Imagine getting on a plane, and the pilot tells you, “I should warn you, what we’re about to do, nobody’s ever done it before. There’s a pretty good chance we’ll die. We might be fine, but that’s based on nothing but my optimism. We really don’t know.”

You ask for the best case scenario.

“Well,” he says, “best case, we re-enter the Earth’s atmosphere and our bodies don’t disintegrate, and we crash into the ocean. Then we wait for somebody to find us and hopefully we don’t get eaten by sharks. Or maybe we land in Manhattan and we’re splattered on Times Square, I really don’t know. Have I mentioned that nobody’s done this before?”

Do you still get on that plane? If you’re John Glenn, you absolutely do. And then you ask for a window seat, because this is gonna be awesome.

That should have been enough for one lifetime, but John Glenn wasn’t done. In the late 1960s, he became the president of RC Cola. Which isn’t dangerous, but it’s still badass.

It’s like Buzz Aldrin going, “You know what? Going to the moon was cool, but what I really want to do is run my own Wendy’s franchise.”

He served as a U.S. Senator for over two decades, and then he went back into space in 1998, at an age when most people are content to sit in comfortable chairs, watch daytime TV, and complain about the cost of beta-blockers.

John Glenn joined the crew of the Space Shuttle Discovery when he was 77 years old.

You know what the rest of us hope to be doing at 77? We just want to be alive. We want to not be getting bad biopsy results from our doctors.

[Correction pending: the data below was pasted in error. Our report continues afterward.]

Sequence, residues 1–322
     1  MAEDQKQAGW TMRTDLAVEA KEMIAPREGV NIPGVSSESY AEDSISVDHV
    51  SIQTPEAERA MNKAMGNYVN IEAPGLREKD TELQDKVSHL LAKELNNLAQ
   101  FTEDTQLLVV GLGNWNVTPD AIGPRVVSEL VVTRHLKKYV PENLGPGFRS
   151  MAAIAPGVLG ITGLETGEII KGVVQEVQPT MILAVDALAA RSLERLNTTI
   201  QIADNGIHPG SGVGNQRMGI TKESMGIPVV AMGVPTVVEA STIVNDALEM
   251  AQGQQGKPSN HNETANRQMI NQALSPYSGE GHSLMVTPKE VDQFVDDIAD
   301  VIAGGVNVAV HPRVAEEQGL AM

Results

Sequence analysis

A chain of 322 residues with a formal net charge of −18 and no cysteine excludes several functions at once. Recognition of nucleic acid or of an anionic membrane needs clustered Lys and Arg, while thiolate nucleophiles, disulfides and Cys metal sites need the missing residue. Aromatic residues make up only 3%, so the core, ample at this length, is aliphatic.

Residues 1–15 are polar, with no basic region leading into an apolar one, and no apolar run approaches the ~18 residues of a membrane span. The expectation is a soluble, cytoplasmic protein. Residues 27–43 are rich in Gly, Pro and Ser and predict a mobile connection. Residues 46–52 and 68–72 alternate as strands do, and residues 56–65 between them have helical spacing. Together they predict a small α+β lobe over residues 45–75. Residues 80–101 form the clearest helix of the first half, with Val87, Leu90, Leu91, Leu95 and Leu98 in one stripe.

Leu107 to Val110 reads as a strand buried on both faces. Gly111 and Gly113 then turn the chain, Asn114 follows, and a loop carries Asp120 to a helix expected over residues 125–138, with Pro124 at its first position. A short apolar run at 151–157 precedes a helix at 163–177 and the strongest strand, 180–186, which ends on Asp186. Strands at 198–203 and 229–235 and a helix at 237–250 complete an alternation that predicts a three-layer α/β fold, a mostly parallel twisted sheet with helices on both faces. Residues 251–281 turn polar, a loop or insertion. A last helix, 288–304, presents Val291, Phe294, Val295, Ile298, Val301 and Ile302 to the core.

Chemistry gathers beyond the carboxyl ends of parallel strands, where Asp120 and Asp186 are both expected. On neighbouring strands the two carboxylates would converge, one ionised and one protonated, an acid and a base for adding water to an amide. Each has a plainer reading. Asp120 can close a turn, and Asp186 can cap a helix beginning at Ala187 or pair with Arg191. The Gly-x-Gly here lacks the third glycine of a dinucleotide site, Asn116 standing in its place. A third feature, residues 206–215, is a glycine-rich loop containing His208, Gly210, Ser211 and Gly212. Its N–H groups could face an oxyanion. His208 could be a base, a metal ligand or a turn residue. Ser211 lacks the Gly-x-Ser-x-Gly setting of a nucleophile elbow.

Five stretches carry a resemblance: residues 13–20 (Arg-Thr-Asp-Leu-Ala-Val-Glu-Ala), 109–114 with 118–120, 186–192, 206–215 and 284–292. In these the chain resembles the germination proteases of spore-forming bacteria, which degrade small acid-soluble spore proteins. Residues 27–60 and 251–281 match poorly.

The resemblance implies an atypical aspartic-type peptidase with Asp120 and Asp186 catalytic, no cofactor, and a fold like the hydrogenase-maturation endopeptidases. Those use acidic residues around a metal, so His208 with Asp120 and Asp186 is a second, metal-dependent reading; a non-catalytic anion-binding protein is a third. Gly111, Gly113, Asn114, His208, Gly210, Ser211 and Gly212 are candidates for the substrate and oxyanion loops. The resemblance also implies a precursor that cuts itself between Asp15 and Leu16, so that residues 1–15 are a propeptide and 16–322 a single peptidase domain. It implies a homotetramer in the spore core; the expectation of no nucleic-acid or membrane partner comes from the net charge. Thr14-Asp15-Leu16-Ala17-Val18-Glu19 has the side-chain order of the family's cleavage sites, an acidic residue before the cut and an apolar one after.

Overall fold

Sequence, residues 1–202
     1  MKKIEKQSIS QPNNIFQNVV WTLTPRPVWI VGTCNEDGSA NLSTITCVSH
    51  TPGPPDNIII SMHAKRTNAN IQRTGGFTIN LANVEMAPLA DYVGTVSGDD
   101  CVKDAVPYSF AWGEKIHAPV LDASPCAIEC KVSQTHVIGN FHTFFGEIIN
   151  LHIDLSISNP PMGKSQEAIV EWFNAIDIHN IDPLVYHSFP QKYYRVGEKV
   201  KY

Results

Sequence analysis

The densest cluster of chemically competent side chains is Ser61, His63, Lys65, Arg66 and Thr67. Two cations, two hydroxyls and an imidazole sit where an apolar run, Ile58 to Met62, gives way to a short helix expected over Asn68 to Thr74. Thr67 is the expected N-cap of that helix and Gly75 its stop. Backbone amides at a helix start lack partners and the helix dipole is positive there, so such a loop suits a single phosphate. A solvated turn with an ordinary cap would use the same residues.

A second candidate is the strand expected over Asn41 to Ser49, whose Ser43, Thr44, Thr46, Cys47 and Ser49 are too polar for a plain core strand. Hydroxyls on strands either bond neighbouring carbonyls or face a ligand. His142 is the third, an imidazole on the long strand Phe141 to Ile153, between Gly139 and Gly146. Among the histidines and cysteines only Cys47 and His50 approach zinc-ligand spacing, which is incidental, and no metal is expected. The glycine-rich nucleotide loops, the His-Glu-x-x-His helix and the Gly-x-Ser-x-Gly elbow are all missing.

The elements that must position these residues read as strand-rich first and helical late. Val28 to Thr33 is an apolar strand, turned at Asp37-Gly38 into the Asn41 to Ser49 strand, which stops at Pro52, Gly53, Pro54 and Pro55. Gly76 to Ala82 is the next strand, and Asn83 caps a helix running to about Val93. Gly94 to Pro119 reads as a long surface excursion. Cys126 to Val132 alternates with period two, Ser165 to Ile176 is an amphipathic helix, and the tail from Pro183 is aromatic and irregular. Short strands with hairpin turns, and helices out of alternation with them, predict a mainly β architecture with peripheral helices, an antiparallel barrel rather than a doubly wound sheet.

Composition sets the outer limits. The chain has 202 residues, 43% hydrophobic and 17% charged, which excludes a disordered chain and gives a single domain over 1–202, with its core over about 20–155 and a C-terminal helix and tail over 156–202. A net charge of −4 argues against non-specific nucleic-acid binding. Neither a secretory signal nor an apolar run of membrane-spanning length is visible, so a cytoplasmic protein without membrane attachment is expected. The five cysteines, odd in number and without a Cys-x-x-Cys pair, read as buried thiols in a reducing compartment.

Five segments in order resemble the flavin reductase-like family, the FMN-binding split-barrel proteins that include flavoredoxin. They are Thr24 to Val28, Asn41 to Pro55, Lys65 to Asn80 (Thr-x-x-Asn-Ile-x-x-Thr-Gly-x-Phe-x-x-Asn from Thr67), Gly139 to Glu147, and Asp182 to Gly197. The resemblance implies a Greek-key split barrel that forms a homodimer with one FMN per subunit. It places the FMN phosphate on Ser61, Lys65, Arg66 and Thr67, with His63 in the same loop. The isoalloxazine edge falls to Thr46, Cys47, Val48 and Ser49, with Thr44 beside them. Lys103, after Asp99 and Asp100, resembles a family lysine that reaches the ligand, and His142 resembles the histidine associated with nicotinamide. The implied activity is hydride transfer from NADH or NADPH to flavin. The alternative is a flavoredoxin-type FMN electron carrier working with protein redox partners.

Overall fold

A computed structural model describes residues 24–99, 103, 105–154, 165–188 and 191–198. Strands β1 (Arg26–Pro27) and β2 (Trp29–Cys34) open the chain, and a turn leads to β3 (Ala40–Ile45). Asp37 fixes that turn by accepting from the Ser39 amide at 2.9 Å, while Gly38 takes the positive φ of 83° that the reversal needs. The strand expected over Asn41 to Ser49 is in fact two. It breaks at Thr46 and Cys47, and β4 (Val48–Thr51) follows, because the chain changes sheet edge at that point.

That would be cool. That would be a victory.

But John Glenn was like, “I’ve cheated death this long, let’s keep the party going. What’s the worst that can happen?”

Here’s the reason he’s a true American hero. You can’t tell an ambitious kid, “You could grow up to be the next John Glenn.” Because honestly, no offense to this kid, but that’s a pretty big long shot.

He could grow up to be an astronaut. That’s entirely doable.

He could even become the next president. Sure, why not? He could be a doctor, a lawyer, a movie star, a scientist, anything he or she wants. But you don’t say, “You’re going to be the first.” Unless you’re a jerk parent.

It’s rare for a human being to have a chance to do something that no other human being has ever done before. Those experiences don’t come along very often.

We’ll have another John Glenn someday. Somebody’s going to be the first astronaut to make it to Mars, or beyond.

But whoever makes that next big cosmic step, they’ll need to have John Glenn-size balls. They’ll need to be the kind of person who makes life choices that make sensible people mutter, “He’s doing what now? Huh. He does know he’s gonna die, right?”

And maybe he or she will. You don’t become John Glenn by making the safe choices, and doing the pragmatic things that give you a decent statistical probability of living to 95.

You have to be a crazy fucker who isn’t afraid to die tomorrow because, what the hell, let’s see what’s around this next blind curve.

Rest in peace, John Glenn. Thank you for leaving the bar so impossibly high.

[This story originally appeared, in a slightly different form, in Men’s Health.]